Being a Christian means to sacrifice things, maybe even things we love in order to grow in our faith and to help others do the same.

Which may mean we need to make the deliberate choice to forgo all other things which take us away from church on Sunday morning. Maybe it means we’ll miss little Timmy’s hockey game. Or maybe it even means Timmy will miss his hockey game. Maybe it means shopping can wait until later. Maybe it means we’ll need to get to bed earlier on Saturday night to fight the urge to sleep in on Sunday, which then implies another whole host of choices to make.

I guess what I’m trying to say is that following Jesus and being part of a church is not a hobby. It is a lifestyle. It is a conscious decision to make following Jesus a priority each and every day.

Sadly for some people that’s too hard of a commitment to make.

It’s my job, I guess, I reassure you this is a commitment worth making. Following Jesus as Lord and Saviour, following his command to share our faith with the world, it is worth it.

It’s worth it for a number of reasons.

The first is simply the joy of serving the Lord. When we draw close to God and do His work as exampled by Jesus Christ, our attitudes change. There is a greater sense of fulfillment, a sense of knowing you are doing “good things” and a greater joy in knowing God is near and he is pleased.

A second reason is that you simply see the results, which kind of ties into the joy. When you see God doing things around you, when you see God impacting the lives of others, it just helps reassure the work is not in vain. This is God’s work, this is God at work, and you revel in seeing others experience the joy of knowing him as well.

Another reason is the reward. Joy and fulfillment are great rewards, but there’s even more. There’s the joy of knowing the Lord for all of eternity. Our life here on this earth is but a tiny dot in the line of all eternity. And the reward of doing God’s work, the reward of knowing Jesus as Lord and Saviour impacts not just this little moment of life on this earth, it impacts our eternity. Eternity means no beginning and no end. It is the life that extends beyond time, and what better way to spend it than in the presence of our God. Now that is a great reward! There is none greater.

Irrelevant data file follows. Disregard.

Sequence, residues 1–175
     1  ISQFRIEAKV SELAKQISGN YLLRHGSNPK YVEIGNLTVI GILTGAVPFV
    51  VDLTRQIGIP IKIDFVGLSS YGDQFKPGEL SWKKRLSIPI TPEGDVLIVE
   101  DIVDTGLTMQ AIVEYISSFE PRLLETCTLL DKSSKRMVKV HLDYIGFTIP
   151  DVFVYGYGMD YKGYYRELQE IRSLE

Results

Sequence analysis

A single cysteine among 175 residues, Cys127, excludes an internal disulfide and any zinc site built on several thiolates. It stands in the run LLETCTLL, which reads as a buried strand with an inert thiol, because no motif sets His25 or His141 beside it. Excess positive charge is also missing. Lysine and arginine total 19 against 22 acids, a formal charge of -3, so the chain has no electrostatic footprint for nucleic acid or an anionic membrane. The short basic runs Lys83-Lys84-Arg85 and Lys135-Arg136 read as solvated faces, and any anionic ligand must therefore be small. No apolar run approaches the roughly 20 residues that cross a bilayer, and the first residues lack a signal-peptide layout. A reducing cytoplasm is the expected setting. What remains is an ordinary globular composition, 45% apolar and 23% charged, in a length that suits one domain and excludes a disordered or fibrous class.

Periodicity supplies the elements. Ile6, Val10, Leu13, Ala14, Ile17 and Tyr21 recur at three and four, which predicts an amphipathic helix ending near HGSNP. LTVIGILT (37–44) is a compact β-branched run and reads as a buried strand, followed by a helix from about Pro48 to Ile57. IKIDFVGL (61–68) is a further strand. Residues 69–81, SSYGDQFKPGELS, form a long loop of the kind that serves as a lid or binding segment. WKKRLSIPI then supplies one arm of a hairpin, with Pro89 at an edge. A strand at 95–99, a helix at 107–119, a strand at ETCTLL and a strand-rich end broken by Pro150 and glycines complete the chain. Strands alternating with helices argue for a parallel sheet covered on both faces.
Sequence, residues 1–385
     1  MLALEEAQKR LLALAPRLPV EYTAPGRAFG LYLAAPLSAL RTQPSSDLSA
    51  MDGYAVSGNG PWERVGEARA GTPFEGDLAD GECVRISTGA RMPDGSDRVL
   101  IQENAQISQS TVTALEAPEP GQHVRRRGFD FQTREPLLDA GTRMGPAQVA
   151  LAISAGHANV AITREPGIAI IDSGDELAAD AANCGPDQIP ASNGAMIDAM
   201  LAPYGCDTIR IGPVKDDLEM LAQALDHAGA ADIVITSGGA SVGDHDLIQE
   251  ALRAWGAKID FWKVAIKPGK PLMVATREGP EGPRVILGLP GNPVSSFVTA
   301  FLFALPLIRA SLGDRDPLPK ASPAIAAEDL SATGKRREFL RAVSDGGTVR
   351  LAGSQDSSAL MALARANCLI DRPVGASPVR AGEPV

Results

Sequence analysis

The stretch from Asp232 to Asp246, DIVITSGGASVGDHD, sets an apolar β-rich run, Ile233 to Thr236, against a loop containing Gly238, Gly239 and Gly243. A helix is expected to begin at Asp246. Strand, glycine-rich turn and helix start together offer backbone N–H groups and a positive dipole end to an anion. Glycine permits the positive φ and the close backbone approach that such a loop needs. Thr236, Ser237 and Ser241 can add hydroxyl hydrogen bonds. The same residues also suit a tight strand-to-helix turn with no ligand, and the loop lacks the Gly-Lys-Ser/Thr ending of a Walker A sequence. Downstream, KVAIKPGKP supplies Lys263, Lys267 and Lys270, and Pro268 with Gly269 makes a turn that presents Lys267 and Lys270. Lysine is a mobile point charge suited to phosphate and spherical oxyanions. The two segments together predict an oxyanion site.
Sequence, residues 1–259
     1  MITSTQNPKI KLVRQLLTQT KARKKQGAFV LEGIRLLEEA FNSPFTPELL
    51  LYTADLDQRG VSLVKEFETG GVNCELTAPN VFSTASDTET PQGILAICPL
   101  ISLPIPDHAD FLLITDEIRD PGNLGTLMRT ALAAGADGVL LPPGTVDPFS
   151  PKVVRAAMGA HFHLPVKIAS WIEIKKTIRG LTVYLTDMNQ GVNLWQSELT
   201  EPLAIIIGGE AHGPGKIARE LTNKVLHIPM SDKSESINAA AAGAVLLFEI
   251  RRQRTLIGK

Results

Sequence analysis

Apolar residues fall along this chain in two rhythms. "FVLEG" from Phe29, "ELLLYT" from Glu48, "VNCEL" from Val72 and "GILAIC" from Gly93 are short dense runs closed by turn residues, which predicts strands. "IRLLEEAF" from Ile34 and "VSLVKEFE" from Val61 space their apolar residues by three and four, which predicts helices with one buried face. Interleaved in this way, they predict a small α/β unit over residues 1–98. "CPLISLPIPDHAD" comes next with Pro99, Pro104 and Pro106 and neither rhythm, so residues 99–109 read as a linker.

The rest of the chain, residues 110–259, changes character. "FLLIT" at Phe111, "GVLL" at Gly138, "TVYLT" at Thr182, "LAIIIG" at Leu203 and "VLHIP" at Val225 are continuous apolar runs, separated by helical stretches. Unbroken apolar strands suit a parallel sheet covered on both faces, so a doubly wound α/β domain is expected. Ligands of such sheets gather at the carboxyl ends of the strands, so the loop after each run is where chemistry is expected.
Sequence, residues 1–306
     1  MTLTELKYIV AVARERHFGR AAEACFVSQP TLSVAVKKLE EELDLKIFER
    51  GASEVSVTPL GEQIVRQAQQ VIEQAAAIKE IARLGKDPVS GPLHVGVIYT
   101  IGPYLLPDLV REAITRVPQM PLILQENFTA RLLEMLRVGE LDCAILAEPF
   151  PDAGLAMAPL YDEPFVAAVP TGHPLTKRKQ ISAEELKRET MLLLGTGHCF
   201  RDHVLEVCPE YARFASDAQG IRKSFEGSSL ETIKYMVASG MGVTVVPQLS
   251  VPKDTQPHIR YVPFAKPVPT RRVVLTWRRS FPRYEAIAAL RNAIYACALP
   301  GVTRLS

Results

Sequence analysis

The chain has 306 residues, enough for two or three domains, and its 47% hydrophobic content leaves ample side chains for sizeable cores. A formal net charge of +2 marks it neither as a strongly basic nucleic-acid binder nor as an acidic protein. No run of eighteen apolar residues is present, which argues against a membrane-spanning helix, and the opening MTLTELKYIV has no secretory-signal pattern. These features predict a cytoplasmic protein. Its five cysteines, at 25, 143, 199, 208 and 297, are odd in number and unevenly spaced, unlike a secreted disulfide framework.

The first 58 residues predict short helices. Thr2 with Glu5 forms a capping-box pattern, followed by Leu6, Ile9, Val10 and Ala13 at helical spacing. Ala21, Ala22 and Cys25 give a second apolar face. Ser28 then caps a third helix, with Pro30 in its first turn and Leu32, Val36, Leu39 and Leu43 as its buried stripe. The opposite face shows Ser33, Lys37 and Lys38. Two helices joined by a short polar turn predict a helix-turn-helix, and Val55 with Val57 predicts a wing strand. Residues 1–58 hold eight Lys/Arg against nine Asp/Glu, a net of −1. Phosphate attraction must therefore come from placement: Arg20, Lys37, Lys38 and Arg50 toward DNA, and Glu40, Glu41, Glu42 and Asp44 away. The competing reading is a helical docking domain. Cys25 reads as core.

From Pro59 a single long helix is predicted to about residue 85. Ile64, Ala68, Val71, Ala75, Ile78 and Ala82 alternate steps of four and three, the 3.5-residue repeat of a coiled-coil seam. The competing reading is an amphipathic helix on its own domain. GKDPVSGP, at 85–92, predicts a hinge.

These are just a few examples of the benefits of knowing Jesus Christ in our lives and in our hearts, and sharing this knowledge with others so they may also receive these rewards.

Rewards we receive when we make a simple, life changing decision. The decision to follow Jesus and do his work in this world.

From there, our priorities change, our lifestyle changes, the church changes, the world changes, and our eternity changes. All because we are sharing the love of God we receive through Jesus Christ with others who need the same.

Won’t you join Jesus on this journey, by accepting the invitation he offers you this day. Know him and receive the gift of life, life here on this earth, and life for all eternity with him.

Let us pray.

Lord Jesus,

You extend the invitation to come and meet with you. An invitation which not only changes our lives, but the lives of those we love and the lives of this world. What a gracious gift it is to know you.

When those doubts creep in, when we just aren’t quite certain how to respond, show us. Give us a glimpse of the rewards. Give us a glimpse of the future you have for us. Reassure us we are never alone, for you are always near.

And give us courage. Give us courage to take that next step with you as you call us forward into the joy of serving our most gracious and merciful God, just as you have shown us in your own life.

Help us to lay down our struggles, our doubts and our fears, and pick up your call to serve alongside you. Giving hope and joy to those around us, as we serve in your glorious name.

All of this we pray to our Father in heaven, in your powerful name. Amen and amen.